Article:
Tuesday, November 9, 2010

Doctor report and new tools!

I have been working a lot and have not had a ton of time to keep up on the blog, or ride for that matter! But alas, I have much to tell! Mostly on the agenda is a report about my appointment at the Joslin Diabetes Center with my new CDE (Certified Diabetes Educator). Oh, and also I made a major change in my CGM (continuous glucose monitor) and Insulin pump..... as in I got new ones!

I guess I have a race report too.... from 3 weeks ago! Here is a run down. I got a new frame in the mail thanks to Jamie for a tip on a great deal for a KHS  CX200. Jamie built it up with all his spare parts (thanks dude!), and I raced it the next day at the Minuteman Road Club cyclocross race in Lancaster, MA. The bike rode flawlessly, however it has been determined that my MTB roots led me to believe that lower tire pressure would handle better on the slick grass. The KHS worked great until lap 2 and somehow the tire rolled off the rim after getting rubbed by another rider and, or, some bumpy corners and the wrong weight distribution peeled it right off. I enjoyed photography and heckling my teammates for the remainder of the day!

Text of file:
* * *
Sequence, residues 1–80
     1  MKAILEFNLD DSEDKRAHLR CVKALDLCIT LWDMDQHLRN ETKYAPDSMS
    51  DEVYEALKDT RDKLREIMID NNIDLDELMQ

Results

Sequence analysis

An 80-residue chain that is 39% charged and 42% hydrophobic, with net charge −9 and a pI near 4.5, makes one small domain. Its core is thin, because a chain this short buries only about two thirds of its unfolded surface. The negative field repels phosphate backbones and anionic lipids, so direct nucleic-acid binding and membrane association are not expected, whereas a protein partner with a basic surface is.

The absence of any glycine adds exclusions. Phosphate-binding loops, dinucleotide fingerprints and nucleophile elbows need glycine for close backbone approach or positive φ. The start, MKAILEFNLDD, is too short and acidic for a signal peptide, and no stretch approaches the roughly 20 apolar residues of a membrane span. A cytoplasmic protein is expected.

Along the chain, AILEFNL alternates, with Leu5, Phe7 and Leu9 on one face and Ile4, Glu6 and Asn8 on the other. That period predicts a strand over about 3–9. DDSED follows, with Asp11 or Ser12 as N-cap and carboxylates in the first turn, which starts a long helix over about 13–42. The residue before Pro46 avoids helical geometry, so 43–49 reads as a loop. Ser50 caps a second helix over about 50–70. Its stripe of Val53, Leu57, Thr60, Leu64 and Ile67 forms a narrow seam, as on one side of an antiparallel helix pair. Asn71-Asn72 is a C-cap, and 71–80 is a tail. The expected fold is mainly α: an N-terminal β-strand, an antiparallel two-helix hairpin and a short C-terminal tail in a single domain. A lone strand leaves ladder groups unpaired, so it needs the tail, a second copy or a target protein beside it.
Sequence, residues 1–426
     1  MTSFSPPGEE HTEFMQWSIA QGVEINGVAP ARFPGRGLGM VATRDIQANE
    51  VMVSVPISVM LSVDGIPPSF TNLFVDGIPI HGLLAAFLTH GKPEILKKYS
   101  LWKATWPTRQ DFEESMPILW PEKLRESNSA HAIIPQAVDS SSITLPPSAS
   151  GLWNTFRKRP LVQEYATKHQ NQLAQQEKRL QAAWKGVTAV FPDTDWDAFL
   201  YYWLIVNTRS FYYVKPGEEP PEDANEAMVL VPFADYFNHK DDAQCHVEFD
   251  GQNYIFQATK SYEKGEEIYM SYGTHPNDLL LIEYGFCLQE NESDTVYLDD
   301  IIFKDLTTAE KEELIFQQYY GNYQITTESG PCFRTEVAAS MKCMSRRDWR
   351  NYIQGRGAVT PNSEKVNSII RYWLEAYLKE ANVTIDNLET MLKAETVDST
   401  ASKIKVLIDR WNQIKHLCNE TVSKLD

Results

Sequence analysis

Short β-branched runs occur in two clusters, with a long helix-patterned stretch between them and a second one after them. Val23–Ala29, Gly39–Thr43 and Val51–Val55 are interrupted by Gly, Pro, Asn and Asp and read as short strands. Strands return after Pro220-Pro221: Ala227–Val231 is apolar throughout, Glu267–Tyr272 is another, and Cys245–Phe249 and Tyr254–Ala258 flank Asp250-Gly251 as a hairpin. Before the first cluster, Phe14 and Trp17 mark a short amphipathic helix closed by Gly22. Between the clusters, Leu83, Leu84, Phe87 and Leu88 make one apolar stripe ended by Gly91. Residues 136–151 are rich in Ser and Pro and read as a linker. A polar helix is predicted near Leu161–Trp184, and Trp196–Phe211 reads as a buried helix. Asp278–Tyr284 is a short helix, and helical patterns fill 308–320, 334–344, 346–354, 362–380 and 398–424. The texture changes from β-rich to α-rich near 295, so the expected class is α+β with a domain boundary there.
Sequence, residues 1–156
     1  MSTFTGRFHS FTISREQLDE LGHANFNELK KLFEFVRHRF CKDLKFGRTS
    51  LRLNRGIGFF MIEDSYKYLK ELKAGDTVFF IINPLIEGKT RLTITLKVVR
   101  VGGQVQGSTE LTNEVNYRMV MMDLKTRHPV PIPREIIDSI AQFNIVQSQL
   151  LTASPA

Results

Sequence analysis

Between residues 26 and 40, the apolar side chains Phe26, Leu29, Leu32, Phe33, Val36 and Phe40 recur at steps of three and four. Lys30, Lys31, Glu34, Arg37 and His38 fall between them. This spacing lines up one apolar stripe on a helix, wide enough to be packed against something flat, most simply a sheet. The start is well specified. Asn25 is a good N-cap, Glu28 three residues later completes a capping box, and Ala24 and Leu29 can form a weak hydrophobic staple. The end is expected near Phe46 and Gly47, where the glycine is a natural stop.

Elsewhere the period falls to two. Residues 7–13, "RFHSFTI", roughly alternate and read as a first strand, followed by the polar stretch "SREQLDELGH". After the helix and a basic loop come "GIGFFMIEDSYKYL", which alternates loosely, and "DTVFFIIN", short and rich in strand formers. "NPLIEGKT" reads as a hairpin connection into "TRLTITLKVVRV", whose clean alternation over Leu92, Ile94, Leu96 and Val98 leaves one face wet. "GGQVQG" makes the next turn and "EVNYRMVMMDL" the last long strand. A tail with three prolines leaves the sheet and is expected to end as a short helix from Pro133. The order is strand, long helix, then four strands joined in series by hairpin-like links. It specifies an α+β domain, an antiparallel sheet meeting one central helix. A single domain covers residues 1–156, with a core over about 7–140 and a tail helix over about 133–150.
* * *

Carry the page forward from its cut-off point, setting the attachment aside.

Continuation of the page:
So here's the stuff! I saw the new CDE at the Joslin Dibetes Center on Wednesday last week. It was a much better experience this go around. I didn't have a lot of data for her to look at but we chatted about what my goals were and how/if she could help. It was clear that she was more able to assist in helping me achieve some of my exercise goals, and also suggested seeing the exercise physiologist they have on staff next time. We got all my prescriptions up to date and faxed, and talked about the data I should bring next time so we could get more in depth with my insulin pump and CGM settings. So why didn't I have any data to bring in?

When I go to the CDE or Endocrinologist I bring in reports so we can see any potential trends for high or low blood sugars that might be able to be corrected with some setting on my insulin pump. I didn't have any this time. Here is the short reason. I was on a Medtronic Minimed CGM. I called to order some supplies and was asking about my warranty periods. They told me the warranty was due on my CGM 2 years ago, and that they only guarantee its results for 6 months! Mine was 2 1/2 years old and if you go back and read my blogs you can see how unhappy I was with its results over that last summer! I thought I was doing something wrong and blamed it on everything from the humidity to bad glucose monitors! They had never told me about the inaccuracies after 6 months, nor had they bothered to tell me it was out of warranty when I called each month to order new sensors. This along with other issues forced me to look elsewhere.